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March 2018 (Volume 96)
March 2018 | Niam Yaraghi, Ram D. Gopal | Original Investigation
Context: Frequent data breaches in the US health care system undermine the privacy of millions of patients every year. A large number of such breaches happens among business associates of the health care providers that continue to gain unprecedented access to patients’ data as the US health care system becomes digitally integrated. The Omnibus Rules of the Health Insurance Portability and Accountability Act (HIPAA), which were enacted in 2013, significantly increased the regulatory oversight and privacy protection requirements of business associates. The objective of this study is to empirically examine the effects of this shift in policy on the frequency of medical privacy breaches among business associates in the US health care system. The findings of this research shed light on how regulatory efforts can protect patients’ privacy.
Methods: Using publicly available data on breach incidents between October 2009 and August 2017 as reported by the Office for Civil Rights (OCR), we conducted an interrupted time-series analysis and a difference-in-differences analysis to examine the immediate and long-term effects of implementation of HIPAA omnibus rules on the frequency of medical privacy breaches.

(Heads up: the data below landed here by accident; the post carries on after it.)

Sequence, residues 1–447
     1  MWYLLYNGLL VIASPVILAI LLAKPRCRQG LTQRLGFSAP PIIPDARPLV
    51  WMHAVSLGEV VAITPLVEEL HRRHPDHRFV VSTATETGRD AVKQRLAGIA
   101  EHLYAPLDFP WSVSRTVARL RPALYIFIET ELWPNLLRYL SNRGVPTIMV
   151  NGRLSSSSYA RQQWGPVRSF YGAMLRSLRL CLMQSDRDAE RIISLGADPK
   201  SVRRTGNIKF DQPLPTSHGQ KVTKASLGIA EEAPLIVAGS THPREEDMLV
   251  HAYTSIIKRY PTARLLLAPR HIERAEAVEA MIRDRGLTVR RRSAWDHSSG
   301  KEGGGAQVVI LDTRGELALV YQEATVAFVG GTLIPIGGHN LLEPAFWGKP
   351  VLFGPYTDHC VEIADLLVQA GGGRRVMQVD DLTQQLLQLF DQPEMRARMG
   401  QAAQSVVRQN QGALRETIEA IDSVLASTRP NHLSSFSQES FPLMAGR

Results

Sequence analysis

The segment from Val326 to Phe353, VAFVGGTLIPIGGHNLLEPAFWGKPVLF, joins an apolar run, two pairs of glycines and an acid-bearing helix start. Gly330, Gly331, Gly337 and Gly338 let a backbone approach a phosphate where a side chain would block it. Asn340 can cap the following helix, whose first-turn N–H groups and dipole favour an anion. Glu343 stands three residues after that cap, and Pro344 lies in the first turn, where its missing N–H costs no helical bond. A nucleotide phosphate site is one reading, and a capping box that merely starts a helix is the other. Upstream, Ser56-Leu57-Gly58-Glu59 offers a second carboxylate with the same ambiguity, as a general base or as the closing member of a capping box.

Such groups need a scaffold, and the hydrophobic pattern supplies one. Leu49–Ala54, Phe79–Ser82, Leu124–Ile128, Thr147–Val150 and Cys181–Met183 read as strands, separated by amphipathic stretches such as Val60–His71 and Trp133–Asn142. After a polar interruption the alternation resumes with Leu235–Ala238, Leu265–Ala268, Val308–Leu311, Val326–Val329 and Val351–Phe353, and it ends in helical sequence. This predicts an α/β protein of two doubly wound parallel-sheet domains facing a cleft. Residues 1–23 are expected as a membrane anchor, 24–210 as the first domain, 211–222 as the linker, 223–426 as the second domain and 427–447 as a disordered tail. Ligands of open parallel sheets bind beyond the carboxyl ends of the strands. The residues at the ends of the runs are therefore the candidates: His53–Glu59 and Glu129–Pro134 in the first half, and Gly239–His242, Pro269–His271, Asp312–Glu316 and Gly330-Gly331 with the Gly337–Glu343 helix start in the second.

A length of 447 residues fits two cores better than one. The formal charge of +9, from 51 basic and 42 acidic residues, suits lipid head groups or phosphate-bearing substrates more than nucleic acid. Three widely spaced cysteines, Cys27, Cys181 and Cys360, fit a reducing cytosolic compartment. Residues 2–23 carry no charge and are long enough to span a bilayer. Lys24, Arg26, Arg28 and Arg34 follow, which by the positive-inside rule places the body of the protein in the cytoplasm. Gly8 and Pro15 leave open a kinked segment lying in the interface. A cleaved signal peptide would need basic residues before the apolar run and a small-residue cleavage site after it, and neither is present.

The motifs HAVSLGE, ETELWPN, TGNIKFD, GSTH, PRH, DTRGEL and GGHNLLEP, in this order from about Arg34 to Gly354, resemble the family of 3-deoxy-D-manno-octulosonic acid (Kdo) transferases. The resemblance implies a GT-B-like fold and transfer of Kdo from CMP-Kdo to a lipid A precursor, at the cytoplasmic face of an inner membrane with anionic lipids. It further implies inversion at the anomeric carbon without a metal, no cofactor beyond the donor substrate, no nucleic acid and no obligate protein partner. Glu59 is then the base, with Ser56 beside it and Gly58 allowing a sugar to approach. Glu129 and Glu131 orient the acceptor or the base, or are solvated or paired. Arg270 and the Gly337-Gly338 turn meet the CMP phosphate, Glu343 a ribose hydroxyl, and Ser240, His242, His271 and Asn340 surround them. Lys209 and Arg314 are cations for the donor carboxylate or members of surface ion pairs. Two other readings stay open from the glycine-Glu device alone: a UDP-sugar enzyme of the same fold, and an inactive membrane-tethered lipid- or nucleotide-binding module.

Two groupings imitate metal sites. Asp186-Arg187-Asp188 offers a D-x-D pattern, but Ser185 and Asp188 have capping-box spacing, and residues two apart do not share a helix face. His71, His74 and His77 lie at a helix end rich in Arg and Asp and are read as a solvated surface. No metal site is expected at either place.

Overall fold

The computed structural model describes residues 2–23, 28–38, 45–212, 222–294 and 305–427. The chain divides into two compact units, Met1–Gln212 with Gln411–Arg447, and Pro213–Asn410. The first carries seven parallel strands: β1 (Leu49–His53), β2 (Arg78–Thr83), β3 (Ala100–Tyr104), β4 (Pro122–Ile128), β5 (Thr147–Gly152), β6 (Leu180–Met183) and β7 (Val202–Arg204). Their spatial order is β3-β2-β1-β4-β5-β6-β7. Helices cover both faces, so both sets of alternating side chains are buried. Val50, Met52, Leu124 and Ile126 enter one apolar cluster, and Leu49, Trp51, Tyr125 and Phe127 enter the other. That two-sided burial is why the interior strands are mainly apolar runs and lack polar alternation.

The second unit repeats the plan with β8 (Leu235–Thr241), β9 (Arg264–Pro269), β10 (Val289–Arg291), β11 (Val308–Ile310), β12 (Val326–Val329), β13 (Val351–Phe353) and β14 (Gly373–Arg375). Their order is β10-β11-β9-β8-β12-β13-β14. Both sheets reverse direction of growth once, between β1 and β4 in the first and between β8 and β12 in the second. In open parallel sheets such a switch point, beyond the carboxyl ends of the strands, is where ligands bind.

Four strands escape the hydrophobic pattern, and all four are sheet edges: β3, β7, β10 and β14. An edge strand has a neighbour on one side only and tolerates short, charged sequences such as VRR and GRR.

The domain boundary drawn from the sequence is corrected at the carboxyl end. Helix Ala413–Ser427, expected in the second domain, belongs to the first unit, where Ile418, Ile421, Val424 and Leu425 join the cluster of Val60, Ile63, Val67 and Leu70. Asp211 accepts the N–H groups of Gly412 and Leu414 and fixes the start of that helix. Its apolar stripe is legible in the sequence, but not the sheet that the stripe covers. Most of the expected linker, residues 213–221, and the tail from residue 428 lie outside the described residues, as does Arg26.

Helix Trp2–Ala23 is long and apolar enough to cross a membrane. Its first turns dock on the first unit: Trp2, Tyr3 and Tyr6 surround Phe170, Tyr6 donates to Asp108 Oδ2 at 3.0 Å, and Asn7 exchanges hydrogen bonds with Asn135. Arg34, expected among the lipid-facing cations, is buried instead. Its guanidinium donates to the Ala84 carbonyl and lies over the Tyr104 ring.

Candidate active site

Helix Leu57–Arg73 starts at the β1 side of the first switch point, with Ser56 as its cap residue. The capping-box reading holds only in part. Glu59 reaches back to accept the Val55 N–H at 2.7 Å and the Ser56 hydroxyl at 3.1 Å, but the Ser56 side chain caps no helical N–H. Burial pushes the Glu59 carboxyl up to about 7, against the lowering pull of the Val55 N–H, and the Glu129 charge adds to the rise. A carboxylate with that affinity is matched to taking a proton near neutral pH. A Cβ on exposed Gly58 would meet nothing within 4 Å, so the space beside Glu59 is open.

Findings: We show that implementation of the omnibus rules led to a significant reduction in the number of breaches among business associates and prevented 180 privacy breaches from happening, which could have affected nearly 18 million Americans.
Conclusions: Implementation of HIPAA omnibus rules may have been a successful federal policy in enhancing privacy protection efforts and reducing the number of breach incidents in the US health care system.
Keywords: Health Insurance Portability and Accountability Act, patient privacy.
Read on Wiley Online Library
Volume 96, Issue 1 (pages 144-166)
Published in 2018
Legal Barriers to the Growth of Health Information Exchange—Boulders or Pebbles?
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